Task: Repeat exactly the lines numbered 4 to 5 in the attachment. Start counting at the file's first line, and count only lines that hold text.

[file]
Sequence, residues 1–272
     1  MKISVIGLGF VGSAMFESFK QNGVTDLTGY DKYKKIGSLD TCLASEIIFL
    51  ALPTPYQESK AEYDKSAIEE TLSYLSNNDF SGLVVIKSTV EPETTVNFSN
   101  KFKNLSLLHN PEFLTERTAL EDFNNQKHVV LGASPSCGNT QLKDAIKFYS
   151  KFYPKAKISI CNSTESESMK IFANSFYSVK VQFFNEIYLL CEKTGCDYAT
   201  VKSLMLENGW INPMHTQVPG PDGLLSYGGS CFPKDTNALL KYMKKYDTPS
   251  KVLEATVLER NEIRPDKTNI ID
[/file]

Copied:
   101  KFKNLSLLHN PEFLTERTAL EDFNNQKHVV LGASPSCGNT QLKDAIKFYS
   151  KFYPKAKISI CNSTESESMK IFANSFYSVK VQFFNEIYLL CEKTGCDYAT